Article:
The first time my son came home with a rubric for an assignment he had been given I thought, “This is genius!” My son who communicates in grunts gave me very little information about his school work except what I could decipher with those grunts. He also hated that I checked his work to be sure it was at least done. Don’t get me wrong, he is a great kid with a great attitude. He just had a hard time communicating his assignments with me. Until the day he brought home his first rubric. I was delighted to say the least because I could read the score points with him and identify the work he would have to do in order to be successful.
Rubrics identify a set of criteria for an assignment along with the indicators of success. These indicators usually have a range of numbers from excellent to poor. The hard part often is deciphering the language of the rubric. This instructional tool also needs to reflect the teaching that has happened in the classroom.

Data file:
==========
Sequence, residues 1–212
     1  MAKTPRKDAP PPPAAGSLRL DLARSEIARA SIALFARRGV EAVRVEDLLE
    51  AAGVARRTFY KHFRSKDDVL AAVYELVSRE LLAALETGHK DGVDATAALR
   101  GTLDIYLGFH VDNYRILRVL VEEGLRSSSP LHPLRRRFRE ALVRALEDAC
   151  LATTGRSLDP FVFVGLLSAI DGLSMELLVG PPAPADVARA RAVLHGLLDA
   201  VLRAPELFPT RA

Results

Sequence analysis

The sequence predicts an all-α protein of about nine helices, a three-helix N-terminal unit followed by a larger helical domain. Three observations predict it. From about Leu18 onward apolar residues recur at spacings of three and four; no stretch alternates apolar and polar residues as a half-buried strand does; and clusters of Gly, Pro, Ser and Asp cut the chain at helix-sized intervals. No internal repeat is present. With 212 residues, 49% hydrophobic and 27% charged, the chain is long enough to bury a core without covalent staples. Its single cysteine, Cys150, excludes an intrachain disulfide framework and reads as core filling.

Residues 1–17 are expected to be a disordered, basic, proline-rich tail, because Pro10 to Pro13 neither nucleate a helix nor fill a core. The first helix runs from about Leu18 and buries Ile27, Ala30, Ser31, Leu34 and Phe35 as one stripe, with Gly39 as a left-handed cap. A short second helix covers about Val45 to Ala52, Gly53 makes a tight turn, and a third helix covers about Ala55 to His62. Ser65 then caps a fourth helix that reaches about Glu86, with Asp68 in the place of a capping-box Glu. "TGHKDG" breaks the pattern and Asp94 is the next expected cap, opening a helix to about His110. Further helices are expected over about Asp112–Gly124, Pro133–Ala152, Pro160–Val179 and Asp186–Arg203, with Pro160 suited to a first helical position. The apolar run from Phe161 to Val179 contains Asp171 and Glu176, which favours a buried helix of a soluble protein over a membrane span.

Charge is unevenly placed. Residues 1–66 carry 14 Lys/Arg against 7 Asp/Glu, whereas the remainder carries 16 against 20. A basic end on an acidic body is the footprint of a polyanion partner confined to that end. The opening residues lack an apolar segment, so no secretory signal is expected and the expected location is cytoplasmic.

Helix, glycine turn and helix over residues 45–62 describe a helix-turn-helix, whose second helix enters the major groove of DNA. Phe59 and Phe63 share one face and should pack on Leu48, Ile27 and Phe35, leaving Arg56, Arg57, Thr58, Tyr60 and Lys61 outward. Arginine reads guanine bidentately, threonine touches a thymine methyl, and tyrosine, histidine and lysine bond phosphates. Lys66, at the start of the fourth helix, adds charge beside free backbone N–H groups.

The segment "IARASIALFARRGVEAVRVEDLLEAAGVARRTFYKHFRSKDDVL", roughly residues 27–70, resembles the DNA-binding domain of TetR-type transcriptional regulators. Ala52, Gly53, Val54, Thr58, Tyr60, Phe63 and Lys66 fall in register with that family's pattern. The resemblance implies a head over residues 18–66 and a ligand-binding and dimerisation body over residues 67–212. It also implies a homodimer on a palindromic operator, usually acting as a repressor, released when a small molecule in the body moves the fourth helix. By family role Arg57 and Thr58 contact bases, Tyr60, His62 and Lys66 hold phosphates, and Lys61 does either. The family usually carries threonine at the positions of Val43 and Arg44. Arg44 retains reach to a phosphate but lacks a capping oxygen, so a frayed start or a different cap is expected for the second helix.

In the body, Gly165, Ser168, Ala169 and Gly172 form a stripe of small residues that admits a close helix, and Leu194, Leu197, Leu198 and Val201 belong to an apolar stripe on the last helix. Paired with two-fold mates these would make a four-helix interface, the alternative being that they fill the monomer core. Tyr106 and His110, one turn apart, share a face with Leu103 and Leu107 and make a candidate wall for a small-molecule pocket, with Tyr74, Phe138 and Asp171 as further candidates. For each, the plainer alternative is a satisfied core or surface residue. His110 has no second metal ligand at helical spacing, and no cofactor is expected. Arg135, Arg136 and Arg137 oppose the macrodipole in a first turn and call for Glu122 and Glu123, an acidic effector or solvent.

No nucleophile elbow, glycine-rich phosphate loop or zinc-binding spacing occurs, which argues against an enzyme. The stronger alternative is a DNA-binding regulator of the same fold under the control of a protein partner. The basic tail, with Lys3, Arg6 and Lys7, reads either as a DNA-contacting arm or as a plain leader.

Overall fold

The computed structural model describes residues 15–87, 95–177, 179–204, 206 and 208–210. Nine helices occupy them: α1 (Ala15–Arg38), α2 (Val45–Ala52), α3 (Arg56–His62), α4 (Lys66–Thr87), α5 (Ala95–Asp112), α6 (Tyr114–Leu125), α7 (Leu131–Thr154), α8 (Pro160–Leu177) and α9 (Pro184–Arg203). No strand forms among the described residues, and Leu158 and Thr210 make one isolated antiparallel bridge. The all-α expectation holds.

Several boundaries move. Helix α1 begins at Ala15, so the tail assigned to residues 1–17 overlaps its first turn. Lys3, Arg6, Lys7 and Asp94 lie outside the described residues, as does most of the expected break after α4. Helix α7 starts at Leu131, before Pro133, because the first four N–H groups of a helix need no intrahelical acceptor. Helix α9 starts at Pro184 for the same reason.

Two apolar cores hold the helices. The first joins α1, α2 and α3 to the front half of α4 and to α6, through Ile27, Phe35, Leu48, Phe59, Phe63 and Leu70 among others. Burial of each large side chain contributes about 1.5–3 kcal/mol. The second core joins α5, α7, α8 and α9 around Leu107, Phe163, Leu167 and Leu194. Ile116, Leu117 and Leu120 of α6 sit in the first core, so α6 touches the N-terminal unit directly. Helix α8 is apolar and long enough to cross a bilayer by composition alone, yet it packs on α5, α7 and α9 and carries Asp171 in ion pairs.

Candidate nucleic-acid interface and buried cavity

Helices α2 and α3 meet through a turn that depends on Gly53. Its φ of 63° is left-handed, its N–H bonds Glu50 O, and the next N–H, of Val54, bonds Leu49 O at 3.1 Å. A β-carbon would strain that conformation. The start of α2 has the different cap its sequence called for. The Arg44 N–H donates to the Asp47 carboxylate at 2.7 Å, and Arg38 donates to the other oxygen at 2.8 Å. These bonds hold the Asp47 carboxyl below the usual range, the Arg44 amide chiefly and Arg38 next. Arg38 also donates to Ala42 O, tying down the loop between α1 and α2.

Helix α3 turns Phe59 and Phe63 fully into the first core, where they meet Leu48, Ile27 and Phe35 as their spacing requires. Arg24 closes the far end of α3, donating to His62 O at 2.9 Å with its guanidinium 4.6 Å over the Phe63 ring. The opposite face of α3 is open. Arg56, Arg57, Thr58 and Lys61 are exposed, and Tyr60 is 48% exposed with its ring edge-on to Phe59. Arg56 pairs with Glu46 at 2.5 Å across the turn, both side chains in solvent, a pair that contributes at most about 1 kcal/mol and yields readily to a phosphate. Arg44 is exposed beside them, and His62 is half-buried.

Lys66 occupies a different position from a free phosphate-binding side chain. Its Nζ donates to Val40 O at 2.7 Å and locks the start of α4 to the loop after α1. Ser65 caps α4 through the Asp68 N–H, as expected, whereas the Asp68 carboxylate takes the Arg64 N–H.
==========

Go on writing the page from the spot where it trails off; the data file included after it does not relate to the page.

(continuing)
With this in mind, we developed genre – specific rubrics to reflect the instruction that is happening in your writing classroom. The language of the expository rubric below is easy to decipher and each score point, from 1-4, for each skill area has an example of what the writing should look like. The rubric is broken into skill areas so that they can be used as instruction takes place. They can also be used when an entire piece is completed either as a process piece or as an assessment.
Here’s what I love about them! I can use these rubrics throughout the year to monitor student progress and to adjust my instruction based on the results gathered. I can use them as formative or summative assessments and gain valuable insight into my students’ writing because of the diagnostic quality of the rubric. And it matches my teaching!